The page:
Saturday, June 26, 2010

The Magic of Ray Harryhausen

Before the days of CGI animation, if a director needed a monster, he was left with two choices: Either dress someone (or something) up in a suit or use 3-D stop motion animation. In many cases, like when the monster has lots of moving parts, the first option is not workable, and for a generation no one had mastered the second option better than Ray Harryhausen. Anyone who loves vintage sci-fi will recognize the contribution he made to the field and so he really needs a write-up here.

Ray got his inspiration from watching the original King Kong in 1933, which featured the animated ape himself along with several prehistoric creatures. The stop motion animation scenes were done by Willis O'Brien. Harryhausen eventually met O'Brien who became his mentor and friend, launching him into the film business by working several films together in the 1950's. He then carried the torch for a few decades more.

My first look at his work was trailers for the Sinbad movies in the 70's and I was hooked. I later saw Jason and the Argonauts on TV (thanks to my Dad) and it became for me the one film I always associated with Ray's work. Talos, Harpies, the Hydra, etc. It didn't matter that the stop motion animation was obvious - the look of the characters themselves (which Ray created himself) combined with the way they interacted with the live action was quite enough to leave an impression on my memory. The skeleton army battle is, I believe, still unparalleled. Add to that the rich story lines of Greek mythology and you have the making of a classic.

Below is a list of some films that Ray Harryhausen contributed to that have at least some connection to science fiction. I'm only including the ones that I've seen so far so I can say a few words on each film, but I will also try to include video of some of the stop motion scenes. I think most of these would be considered "B" material today.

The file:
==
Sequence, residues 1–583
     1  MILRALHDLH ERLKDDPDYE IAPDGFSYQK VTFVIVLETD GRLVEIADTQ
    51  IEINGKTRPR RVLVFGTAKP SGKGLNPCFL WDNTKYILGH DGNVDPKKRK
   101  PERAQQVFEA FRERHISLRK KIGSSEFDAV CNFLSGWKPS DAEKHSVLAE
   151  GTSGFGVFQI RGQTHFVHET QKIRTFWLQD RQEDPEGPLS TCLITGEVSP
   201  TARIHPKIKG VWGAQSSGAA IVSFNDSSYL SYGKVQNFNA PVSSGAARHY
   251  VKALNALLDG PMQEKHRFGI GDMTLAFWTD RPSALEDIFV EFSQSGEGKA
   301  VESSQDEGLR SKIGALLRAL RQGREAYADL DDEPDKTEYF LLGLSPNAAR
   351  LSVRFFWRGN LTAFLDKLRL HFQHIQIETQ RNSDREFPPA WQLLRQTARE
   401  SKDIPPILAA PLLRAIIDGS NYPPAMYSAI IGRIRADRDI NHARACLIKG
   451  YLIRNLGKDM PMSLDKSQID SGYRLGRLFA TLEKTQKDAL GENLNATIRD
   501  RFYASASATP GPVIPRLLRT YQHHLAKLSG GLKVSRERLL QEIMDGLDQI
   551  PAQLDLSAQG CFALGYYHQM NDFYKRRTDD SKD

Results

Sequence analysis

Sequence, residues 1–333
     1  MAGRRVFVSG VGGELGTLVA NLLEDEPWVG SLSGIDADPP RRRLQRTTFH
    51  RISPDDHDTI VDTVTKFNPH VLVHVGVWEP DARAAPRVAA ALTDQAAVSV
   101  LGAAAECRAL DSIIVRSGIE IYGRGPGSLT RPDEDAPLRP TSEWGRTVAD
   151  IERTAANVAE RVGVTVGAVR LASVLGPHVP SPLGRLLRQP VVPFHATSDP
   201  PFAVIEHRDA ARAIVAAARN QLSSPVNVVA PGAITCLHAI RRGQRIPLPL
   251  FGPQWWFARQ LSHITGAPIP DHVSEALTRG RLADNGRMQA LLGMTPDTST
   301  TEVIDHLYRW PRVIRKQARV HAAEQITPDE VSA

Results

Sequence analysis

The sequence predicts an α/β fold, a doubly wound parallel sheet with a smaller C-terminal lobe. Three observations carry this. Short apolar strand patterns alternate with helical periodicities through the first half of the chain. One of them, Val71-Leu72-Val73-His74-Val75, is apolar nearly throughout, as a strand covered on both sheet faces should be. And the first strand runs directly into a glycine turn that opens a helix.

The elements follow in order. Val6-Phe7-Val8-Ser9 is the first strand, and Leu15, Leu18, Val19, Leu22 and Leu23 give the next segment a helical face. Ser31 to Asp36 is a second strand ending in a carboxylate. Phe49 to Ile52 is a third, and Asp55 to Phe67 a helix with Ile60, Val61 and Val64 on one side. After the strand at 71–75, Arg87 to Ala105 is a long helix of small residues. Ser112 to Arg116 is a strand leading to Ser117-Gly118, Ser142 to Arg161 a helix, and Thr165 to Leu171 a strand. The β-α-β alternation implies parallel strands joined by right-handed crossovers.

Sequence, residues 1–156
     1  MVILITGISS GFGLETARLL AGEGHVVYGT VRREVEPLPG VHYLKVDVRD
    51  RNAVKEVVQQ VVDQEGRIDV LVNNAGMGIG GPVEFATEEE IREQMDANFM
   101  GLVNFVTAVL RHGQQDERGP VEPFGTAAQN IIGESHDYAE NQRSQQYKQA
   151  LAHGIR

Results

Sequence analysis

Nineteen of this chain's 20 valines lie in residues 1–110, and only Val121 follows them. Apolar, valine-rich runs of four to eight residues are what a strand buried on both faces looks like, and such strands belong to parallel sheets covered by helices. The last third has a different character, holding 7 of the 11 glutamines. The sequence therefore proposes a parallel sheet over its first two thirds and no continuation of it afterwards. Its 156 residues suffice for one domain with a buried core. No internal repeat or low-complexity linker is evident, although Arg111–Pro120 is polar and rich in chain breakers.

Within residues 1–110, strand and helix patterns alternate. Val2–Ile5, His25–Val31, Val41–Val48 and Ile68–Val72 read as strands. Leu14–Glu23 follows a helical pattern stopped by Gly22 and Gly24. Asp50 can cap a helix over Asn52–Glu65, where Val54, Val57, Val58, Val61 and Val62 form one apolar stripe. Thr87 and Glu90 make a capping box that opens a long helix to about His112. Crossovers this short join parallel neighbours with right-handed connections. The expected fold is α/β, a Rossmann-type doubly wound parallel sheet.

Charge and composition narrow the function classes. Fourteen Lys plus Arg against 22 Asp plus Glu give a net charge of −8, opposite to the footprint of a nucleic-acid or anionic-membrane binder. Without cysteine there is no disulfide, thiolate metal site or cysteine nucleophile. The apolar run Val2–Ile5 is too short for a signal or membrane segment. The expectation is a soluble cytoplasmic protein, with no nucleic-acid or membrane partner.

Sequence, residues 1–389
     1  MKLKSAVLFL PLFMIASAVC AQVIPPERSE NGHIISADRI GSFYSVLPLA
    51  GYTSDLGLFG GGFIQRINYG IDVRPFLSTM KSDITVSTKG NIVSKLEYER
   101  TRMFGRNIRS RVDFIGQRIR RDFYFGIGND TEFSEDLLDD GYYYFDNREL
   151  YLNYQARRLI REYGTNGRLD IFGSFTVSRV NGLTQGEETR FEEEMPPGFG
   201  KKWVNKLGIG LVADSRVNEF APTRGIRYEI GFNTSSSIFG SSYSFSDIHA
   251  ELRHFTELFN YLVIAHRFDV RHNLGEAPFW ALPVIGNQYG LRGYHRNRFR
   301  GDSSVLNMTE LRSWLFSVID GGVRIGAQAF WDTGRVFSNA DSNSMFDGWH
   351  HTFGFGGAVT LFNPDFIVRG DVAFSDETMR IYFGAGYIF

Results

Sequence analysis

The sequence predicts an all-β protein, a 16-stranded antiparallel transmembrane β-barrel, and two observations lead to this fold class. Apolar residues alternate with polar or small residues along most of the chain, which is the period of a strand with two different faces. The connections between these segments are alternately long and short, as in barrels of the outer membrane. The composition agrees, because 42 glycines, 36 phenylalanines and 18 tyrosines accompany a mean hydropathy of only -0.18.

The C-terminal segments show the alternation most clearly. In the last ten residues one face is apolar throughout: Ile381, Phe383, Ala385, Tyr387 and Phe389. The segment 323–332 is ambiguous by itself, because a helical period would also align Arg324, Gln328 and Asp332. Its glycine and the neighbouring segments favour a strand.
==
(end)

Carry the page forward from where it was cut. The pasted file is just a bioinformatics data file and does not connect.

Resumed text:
20 Million Miles to Earth (1957) - There's not much to this story. A kid finds a space egg (from a crashed rocket returning from Venus) that hatches a monster which rapidly grows into a giant and terrorizes the town. Actually, it's more a monster film than science fiction. (With blogger's new video policy I could only get this sample clip)

First Men in the Moon (1964) - This one was based on an H.G. Wells story and it has a real science fiction feel to it. In fact, Nigel Kneale was involved in the screenplay. It has a playful side as we watch the typical trio (scientist, hero, and lady) travel to the moon with some anti-gravity device and find a giant bug-like civilization living underground. When I watched it in recent years, I knew I had seen it with my father as a kid because I remembered the animated characters. I would actually recommend this one to fans. It begins in a kind of lighthearted fashion and then gets downright scary (at least that's the intent). I think the trailer says it all:

One Million Years B.C. (1966) - This one is famous first for showing hours of Rachel Welch in a toga. It's supposed to depict life in cave man times, but it is quite comical because the cave people act like modern actors who want to say their lines but just can't talk. But I had to include it because it has some of the best Harryhausen dinosaur fights on film. The one below is a classic example. The shots from the perspective of the humans watching from below probably inspired Steven Spielberg during the making of Jurassic Park.

The Valley of Gwangi (1969) - I discovered this one late and I think it has some merit. In some ways it parallels the King Kong story. There is a valley in Mexico known to be forbidden by the locals although they don't know why. An expedition group finds it is a lost dinosaur haven and go in to bring back an Allosaur. They succeed but, as the locals had warned, it comes back to bite them literally as the dinosaur escapes into the city. A neat aspect of the film is it represents a crossing of two eras. It runs like an old Mexican Western with cow ranchers, horses, and rodeos, while at the same time being a traditional monster film. A great illustration of this is the landmark scene of the ranchers roping the Allosaurus like it was a wild bull! Ray later said the matching of the real ropes to the animated ones was difficult to achieve. The film also has a neat scene of the dino roaming it's way through an old Cathedral. (With blogger's new video policy I can only show the trailer below).

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